Trump returned to Texas on Saturday to visit with victims affected by Hurricane Harvey and volunteers coordinating relief efforts. Alongside first lady Melania Trump, he handed out food and played with children at the evacuation center.

“People appreciate what’s been done. It’s been done very efficiently and very well,” Trump said following the visit to a Houston disaster relief center, according to a White House pool report.

“As tough as this was [the response] has been a wonderful thing, I think, even for the country to watch.”

Trump visited Texas earlier this week following the storm, where he was briefed on rescue and recovery efforts. But some critics argued that trip lacked the president meeting with storm victims personally.

The president is also set to visit Louisiana, which was also ravaged by Hurricane Harvey, on Saturday.

[The Hill]


Finland Says No Fighter Deal with Boeing After Trump’s Ad-Lib Comments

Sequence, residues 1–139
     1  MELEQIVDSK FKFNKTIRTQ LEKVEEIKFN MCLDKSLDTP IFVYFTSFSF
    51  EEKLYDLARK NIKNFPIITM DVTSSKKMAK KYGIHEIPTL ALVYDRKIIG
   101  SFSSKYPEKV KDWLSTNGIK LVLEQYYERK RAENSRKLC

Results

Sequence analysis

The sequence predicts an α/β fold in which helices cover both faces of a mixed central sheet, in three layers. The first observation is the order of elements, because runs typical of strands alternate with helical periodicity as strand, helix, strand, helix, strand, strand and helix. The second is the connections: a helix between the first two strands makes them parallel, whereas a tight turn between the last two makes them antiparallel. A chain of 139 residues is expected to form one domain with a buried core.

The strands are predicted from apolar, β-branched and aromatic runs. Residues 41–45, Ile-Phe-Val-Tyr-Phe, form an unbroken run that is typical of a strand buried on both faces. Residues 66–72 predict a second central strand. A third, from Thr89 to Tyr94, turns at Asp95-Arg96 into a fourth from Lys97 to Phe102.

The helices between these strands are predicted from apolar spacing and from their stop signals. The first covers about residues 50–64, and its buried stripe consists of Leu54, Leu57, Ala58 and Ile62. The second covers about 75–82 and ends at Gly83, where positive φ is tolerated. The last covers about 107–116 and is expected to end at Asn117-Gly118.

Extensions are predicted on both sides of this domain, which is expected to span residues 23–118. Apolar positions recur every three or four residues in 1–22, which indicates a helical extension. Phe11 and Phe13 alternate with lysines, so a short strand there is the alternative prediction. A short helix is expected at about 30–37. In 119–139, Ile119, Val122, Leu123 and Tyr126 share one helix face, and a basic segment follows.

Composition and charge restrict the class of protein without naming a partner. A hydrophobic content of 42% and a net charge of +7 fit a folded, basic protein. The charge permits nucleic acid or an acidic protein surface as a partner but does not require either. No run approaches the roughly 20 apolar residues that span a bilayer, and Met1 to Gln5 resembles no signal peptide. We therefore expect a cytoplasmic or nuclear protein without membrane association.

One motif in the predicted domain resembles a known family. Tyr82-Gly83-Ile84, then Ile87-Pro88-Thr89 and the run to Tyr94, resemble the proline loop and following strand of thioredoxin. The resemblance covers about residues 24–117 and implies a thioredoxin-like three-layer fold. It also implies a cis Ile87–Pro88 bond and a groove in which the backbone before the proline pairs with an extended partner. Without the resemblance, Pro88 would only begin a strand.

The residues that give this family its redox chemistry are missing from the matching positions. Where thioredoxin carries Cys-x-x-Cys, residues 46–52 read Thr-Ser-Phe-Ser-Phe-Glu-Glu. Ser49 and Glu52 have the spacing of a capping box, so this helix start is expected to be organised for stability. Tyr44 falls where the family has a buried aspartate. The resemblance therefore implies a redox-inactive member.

President Sauli Niinisto on Tuesday denied that Finland was buying new fighter jets from American planemaker Boeing (BA.N), following remarks by U.S. President Donald Trump.

Finland is looking to replace its ageing fleet of 62 F/A-18 Hornet jets with multirole fighter aircraft in a procurement estimated at 7-10 billion euros by 2025.

“One of the things that is happening is you’re purchasing large amounts of our great F-18 aircraft from Boeing and it’s one of the great planes, the great fighter jets,” Trump said on Monday at a news conference with his Finnish counterpart in the White House.

Niinisto, who was standing next to Trump, looked surprised but did not follow up on the comment. He later denied the deal with Boeing on his Twitter account and on Tuesday in Washington.

“It seems that on the sale side, past decisions and hopes about future decisions have mixed … The purchase is just starting, and that is very clear here,” Niinisto told Finnish reporters.

Helsinki is expected to request that European and U.S. planemakers provide quotations for new jets in 2018, with a final decision made in the early 2020s.

A government working group has listed possible candidates as Saab’s (SAABb.ST) Jas Gripen, Dassault Aviation’s (AVMD.PA) Rafale, Boeing’s Super Hornet, Lockheed Martin’s (LMT.N) F-35 and the Eurofighter, made by Britain, Germany, Italy and Spain.